Balancing Competing Interests During Lockdown

02 April 2020

What many businesses are facing is catastrophic and the simple reality is the usual rules and practices will be compromised to some extent or, put simply, many more people will lose their jobs. 

You can see by the news out of Air NZ and more recently Fletcher Building and NZME and other high profile businesses, just how devastating the impact of this situation is; and it’s far from over. 

The same challenges are being faced by the vast majority of SME businesses in NZ, but they don’t hit the headlines.  It’s not a question of what businesses should be paying – it’s a matter of what cash is there to pay anything.  Businesses have scrambled to get the wage subsidy, but it will take much more than that to save them.  $585 per week is equivalent to only 30 hours at the minimum wage.  If you’re a small business with zero revenue for 4 weeks with say 10 employees being paid say $25 per hour, you will still have to find $16k which means you won’t be able to pay yourself either! 

The Government needs to do more in terms of financial support.  The Australian wage subsidy is $1,500 per fortnight for 6 months compared with our $585 for only 12 weeks, which is a total of $19,500 versus our $7029. If nothing changes, there will be more job losses. 

More importantly, businesses need clarity about what they can and can’t do; and the Government can help with that too.  Right now if you apply for the wage subsidy you have to get the written consent of every employee to pass on their information, commit to full compliance with employment laws, use best endeavours to pay 80% of normal earnings and not change pay and hours of work without the written consent of employees.  That is simply not practical.  Most employees have scattered to the four winds during the lockdown and in many cases can’t be contacted and/or don’t have the means to sign anything. The Government needs to revisit that matter. 

Most employers want to do the most they can for their people, and are committed to acting fairly and reasonably in these very trying times. They also know that if they are to recover quickly, they need to retain people, particularly those in key positions. The fact is however, if we’re going to unite and do this together then everyone needs to share the pain. 

As to the rights under employment law to change pay and hours, my view is that employees in non-essential services are not ready, willing and able to perform their contract.  They may be ready and willing but they are not able to perform the contract because the Government has decreed they must remain at home. Therefore, it is arguable there is no obligation to pay and employers need to act fairly and reasonably to do whatever they can to support their people.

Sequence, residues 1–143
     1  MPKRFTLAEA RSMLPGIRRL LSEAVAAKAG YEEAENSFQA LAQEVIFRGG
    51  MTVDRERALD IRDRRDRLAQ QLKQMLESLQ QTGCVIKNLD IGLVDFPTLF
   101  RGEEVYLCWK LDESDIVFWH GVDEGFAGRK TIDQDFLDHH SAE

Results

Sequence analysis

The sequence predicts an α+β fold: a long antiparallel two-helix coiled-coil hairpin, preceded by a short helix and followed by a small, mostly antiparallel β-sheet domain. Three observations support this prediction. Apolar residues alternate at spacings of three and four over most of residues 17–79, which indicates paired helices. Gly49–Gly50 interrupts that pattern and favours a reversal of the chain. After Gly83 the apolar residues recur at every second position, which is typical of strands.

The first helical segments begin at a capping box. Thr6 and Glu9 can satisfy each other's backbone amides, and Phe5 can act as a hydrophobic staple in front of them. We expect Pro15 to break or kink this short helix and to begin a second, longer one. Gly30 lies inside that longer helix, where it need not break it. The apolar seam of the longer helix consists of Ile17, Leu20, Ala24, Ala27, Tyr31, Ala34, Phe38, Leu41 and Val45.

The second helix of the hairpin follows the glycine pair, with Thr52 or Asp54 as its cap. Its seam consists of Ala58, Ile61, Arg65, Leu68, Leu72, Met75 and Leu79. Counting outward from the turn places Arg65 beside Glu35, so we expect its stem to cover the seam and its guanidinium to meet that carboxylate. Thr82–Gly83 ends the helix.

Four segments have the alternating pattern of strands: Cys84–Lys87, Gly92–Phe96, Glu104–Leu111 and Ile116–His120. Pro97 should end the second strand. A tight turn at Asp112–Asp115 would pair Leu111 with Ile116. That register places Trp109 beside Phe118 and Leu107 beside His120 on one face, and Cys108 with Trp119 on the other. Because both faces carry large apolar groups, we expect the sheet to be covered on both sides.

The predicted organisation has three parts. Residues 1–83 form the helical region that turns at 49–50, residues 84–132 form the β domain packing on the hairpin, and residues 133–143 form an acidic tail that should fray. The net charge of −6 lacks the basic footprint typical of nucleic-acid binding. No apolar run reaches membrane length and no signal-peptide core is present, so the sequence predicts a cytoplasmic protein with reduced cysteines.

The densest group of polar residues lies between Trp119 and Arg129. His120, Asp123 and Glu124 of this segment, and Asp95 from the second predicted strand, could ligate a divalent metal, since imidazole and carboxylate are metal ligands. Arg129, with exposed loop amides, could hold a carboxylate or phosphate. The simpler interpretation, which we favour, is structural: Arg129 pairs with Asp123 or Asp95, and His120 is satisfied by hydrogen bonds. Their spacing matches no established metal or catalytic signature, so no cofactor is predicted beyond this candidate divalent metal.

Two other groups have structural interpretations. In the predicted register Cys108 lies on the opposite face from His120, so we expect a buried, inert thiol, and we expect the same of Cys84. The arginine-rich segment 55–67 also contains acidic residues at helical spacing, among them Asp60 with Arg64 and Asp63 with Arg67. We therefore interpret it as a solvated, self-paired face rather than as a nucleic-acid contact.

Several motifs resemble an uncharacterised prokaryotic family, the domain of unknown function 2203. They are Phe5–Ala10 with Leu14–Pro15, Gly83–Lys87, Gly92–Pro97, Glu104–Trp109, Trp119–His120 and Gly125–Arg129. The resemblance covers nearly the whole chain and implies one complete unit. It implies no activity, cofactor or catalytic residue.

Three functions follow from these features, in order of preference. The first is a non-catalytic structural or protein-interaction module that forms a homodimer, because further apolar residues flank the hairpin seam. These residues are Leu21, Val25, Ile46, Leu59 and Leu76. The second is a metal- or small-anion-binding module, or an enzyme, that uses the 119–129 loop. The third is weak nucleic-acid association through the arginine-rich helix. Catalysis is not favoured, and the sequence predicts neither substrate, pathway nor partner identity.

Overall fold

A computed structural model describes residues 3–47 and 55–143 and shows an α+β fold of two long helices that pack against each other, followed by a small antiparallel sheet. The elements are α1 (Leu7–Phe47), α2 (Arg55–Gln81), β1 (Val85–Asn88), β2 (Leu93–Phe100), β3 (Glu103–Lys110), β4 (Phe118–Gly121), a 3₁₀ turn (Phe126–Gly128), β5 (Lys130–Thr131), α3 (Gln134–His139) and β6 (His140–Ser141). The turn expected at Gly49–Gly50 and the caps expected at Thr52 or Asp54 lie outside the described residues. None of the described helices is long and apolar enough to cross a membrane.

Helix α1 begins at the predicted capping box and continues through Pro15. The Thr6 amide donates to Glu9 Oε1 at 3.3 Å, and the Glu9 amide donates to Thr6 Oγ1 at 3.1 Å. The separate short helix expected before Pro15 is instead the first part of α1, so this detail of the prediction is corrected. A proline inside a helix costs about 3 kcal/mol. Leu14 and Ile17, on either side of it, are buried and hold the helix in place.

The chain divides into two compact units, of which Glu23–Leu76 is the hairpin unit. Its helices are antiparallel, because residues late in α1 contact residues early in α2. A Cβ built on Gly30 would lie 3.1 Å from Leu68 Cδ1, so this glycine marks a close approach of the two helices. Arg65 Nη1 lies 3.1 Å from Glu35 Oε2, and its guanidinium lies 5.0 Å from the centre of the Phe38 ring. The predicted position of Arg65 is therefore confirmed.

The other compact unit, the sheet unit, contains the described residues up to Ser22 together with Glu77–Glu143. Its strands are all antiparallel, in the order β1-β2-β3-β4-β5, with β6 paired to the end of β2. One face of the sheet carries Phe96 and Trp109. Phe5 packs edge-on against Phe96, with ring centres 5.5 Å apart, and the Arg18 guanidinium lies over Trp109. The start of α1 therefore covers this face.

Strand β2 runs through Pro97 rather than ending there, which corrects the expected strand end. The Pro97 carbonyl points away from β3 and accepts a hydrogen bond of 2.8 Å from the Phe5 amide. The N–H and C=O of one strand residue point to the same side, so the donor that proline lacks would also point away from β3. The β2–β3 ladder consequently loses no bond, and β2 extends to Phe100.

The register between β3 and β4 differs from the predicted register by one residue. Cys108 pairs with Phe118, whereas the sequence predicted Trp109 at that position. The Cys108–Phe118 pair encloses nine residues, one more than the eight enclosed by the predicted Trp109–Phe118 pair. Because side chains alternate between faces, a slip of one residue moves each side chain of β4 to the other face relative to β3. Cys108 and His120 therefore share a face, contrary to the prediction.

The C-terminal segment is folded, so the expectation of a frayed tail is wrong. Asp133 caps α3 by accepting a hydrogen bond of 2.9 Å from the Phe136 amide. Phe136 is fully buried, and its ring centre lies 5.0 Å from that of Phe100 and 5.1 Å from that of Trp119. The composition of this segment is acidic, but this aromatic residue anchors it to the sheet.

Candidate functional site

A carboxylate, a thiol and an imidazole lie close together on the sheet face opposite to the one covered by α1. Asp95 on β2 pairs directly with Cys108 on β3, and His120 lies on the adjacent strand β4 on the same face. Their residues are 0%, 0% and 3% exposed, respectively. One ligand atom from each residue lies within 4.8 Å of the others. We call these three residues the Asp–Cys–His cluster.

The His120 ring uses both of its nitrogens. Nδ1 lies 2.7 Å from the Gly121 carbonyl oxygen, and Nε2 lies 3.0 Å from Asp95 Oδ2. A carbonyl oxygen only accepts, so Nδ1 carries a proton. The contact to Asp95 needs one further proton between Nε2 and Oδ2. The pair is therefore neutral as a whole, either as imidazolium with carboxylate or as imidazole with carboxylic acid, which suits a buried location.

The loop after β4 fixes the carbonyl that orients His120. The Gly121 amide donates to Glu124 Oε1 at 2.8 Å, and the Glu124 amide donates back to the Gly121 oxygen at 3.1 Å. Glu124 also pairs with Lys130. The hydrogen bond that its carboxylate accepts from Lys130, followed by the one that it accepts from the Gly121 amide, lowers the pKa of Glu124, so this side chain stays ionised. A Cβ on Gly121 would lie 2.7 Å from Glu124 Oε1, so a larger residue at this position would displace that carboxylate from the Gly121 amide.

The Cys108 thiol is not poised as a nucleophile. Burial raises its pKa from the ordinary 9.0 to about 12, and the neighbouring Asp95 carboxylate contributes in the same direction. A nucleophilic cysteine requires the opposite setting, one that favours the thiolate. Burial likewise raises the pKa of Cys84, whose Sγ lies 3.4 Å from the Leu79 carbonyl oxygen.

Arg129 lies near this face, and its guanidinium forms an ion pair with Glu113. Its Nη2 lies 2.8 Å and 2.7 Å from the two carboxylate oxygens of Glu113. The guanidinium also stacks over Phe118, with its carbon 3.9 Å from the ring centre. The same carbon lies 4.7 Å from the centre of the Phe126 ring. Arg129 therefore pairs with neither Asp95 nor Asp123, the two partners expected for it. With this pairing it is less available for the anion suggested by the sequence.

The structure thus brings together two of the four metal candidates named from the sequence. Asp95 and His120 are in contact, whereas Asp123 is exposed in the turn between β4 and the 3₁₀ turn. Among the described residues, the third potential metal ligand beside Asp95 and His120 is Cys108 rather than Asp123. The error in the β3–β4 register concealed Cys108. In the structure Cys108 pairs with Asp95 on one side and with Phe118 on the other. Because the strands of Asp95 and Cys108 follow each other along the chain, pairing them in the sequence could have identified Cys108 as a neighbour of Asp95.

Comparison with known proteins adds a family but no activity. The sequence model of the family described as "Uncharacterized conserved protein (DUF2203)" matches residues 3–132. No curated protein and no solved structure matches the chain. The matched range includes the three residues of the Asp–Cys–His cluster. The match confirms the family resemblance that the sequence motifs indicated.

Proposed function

The next question is, how can changes to hours and pay be implemented?  A normal restructure process is one such method, but arguably that is a unilateral change to terms and conditions that would contravene the Government’s criteria for the wage subsidy.  On the other hand, if you ask people to agree in writing to proposed changes, there are a number of difficulties, including not having the luxury of time to seek written agreement.  Its odds on that a percentage of people will not agree to the changes, particularly if other commentators are telling them changes can’t be made without their agreement.  Meanwhile the people who have done the right thing feel aggrieved about the inequity.  On top of all that, if people are not contactable or have the means to sign anything, you may have no option but to proceed without written agreement.

The only practical approach is to develop a sound proposal, fully considering and explaining the impacts on your business and then consult with people as far as possible, consider any feedback provided, then make your final decision and implement it across the board. In the current environment where speed is a factor, a compressed consultation process should still achieve workable outcomes in the interests of all parties.  If you can get people to agree in writing to any changes that will minimise the risk later on.